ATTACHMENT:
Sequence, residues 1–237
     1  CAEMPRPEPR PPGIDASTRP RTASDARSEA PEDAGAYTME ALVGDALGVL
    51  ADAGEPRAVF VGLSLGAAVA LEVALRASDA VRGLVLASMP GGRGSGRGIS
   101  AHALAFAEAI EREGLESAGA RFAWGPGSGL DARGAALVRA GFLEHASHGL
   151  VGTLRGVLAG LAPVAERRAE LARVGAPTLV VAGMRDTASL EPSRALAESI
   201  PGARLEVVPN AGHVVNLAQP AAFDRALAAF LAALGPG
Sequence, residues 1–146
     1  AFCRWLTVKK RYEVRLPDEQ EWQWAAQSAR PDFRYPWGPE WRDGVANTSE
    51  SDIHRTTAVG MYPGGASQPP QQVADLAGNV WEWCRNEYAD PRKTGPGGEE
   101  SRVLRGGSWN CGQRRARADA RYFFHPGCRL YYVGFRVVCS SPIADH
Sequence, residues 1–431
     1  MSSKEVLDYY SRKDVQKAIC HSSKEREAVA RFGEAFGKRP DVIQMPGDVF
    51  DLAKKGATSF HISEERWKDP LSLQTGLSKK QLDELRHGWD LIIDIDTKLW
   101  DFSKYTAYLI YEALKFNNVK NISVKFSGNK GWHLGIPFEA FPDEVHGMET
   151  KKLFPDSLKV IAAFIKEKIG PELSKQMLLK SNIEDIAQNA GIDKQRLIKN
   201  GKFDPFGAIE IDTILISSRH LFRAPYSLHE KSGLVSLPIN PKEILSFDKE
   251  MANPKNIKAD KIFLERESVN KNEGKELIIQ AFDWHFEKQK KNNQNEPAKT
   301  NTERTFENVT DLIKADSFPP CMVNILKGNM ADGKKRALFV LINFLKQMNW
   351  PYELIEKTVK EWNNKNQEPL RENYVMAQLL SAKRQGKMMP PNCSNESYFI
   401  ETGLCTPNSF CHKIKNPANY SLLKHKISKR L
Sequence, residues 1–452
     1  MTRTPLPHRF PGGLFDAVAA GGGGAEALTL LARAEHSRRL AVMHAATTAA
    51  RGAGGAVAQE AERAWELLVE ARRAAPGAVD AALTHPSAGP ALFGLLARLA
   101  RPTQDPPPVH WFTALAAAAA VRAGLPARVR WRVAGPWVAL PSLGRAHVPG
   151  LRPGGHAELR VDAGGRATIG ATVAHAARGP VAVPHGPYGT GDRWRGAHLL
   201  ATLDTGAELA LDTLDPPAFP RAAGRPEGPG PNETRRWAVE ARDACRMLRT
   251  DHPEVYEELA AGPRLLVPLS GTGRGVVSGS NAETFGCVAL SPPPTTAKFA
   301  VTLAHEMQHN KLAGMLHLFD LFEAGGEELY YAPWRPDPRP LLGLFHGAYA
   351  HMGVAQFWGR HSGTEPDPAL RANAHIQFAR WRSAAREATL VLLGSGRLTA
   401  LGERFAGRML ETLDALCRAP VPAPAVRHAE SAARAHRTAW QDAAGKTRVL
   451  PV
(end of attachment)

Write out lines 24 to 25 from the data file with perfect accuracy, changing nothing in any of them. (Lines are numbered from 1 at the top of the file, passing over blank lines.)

   101  RPTQDPPPVH WFTALAAAAA VRAGLPARVR WRVAGPWVAL PSLGRAHVPG
   151  LRPGGHAELR VDAGGRATIG ATVAHAARGP VAVPHGPYGT GDRWRGAHLL